Human Like Chess Engine
Deep Reinforcement Learning
We used supervised training to create a series of chess engines based on humans play at different levels of skill. We compared them to other engines and to human players and found that self-play trained engines would sometimes behave more human-like than the supervised ones, although we believe this may be due to improper hyperparameter selection. The three methods we used for comparing to humans present a novel set of tools for evaluating human-like behaviour in complex reinforcement learning systems and hope to develop them further.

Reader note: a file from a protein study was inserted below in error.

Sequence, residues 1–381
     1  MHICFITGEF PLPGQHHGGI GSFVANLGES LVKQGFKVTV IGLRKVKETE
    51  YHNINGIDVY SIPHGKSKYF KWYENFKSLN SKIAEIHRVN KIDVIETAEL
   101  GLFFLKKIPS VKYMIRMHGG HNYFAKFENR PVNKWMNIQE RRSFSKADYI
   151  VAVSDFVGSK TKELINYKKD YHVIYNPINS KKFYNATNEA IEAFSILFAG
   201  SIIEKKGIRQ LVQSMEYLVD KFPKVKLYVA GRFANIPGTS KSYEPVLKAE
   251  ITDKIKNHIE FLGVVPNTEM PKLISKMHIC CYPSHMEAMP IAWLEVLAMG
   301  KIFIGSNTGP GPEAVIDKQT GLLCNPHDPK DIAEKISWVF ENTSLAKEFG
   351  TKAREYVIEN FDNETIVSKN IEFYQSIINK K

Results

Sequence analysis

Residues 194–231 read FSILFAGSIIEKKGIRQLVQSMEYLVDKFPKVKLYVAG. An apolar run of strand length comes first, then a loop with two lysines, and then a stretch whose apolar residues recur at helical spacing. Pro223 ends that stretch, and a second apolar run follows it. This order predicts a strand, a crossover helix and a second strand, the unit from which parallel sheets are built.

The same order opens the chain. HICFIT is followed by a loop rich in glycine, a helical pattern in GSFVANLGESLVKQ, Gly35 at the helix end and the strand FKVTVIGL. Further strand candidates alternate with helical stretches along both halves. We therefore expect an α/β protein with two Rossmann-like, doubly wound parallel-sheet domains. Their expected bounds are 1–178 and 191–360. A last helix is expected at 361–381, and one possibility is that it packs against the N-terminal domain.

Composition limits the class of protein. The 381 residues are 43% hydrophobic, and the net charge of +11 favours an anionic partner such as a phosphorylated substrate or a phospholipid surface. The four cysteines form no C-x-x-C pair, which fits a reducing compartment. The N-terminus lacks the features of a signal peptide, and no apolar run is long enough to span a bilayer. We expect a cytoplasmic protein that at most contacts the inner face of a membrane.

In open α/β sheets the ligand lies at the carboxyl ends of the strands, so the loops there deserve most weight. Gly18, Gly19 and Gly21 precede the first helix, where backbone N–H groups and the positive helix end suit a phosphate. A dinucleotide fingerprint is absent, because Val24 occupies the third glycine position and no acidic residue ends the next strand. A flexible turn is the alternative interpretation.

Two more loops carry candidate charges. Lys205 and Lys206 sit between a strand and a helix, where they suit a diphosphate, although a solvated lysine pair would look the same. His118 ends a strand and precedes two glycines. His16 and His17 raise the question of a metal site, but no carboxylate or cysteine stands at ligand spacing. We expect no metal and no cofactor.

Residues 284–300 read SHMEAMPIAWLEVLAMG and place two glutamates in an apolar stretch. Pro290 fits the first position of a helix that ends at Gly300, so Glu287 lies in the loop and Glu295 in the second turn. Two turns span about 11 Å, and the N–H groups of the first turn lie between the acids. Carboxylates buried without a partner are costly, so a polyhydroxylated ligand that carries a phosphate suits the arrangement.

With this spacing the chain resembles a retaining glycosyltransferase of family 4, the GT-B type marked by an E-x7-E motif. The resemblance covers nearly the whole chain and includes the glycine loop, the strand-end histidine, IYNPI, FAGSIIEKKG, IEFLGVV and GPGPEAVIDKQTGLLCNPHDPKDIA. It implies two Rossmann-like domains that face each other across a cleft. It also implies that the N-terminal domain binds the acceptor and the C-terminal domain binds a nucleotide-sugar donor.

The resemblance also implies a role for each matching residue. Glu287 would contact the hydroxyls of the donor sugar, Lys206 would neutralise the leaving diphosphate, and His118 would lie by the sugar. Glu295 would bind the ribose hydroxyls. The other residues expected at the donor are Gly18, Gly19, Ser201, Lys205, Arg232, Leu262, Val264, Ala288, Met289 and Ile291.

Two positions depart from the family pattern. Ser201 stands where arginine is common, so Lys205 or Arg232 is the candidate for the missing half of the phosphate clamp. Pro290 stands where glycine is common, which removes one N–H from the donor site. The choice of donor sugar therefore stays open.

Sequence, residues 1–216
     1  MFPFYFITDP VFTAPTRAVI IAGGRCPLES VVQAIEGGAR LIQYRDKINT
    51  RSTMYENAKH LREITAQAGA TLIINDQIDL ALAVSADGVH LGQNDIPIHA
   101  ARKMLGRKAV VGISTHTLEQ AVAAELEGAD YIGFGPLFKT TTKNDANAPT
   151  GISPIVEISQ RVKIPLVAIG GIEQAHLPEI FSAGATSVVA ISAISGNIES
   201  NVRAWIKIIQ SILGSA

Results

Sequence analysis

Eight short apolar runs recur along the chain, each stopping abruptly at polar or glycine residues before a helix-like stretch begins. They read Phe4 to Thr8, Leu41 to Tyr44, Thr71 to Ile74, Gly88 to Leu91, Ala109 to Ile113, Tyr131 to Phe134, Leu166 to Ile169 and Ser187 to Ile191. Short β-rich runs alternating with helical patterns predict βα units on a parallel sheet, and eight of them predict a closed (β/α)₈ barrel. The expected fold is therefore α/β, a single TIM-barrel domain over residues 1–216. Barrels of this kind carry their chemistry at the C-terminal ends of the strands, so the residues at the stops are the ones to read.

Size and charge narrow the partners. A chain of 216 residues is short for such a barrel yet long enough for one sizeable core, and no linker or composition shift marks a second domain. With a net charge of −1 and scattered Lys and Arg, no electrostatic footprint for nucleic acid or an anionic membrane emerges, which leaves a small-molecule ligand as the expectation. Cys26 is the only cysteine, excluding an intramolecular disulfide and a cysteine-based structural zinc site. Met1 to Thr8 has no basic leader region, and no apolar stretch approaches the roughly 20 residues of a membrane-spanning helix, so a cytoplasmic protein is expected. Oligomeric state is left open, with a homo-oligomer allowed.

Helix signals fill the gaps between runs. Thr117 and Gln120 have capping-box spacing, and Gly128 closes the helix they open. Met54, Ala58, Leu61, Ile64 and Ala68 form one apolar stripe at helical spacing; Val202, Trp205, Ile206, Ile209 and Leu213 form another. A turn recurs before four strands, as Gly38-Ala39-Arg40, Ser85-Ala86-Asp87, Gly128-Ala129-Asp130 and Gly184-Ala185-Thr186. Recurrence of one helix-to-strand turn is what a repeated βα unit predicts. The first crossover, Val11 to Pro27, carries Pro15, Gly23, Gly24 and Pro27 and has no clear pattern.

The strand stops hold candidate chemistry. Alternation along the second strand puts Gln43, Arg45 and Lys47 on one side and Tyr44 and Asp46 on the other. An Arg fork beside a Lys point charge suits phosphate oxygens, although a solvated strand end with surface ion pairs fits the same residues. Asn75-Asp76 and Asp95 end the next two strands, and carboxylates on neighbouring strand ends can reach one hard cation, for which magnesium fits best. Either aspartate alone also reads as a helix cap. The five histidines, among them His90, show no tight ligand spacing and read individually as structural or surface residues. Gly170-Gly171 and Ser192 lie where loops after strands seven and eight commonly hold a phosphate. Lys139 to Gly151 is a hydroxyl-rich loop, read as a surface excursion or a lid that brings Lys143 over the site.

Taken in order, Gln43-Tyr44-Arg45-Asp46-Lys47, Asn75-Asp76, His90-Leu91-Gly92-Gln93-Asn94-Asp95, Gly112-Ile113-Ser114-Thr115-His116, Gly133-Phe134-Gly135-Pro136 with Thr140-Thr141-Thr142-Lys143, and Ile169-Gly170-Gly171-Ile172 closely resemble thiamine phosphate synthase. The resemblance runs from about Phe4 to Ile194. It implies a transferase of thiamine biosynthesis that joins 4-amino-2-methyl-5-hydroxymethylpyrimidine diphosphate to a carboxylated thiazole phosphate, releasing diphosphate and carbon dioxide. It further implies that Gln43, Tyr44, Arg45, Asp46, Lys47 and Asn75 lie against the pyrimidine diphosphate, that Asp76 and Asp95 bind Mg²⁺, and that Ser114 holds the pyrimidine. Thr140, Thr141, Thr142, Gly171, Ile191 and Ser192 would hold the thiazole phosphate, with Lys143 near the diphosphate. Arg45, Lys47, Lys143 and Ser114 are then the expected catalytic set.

To make the chess engine that acts more like a human, through supervised training and modification of it’s risk sensitivity
Reinforcement Learning Chess Engines
- AlphaZero - Neural Network that evaluates on it’s own, and uses the network to do a tree search based on Predictive + Upper Bound Tree Search (modification of UCB 1).
- AlphaZero has been reimplemented in the open source Leela Chess project
- All games from database.lichess.org
- Using 432,335,939 games as a training set extracted games between similar ELO players
- 22,971,939 as a holdout for later use used ranges of 100 to segregate the training data
- During training 10% was held out to get a training error
- Training error quickly converged to 30% on all runs, while MSE slowly decreased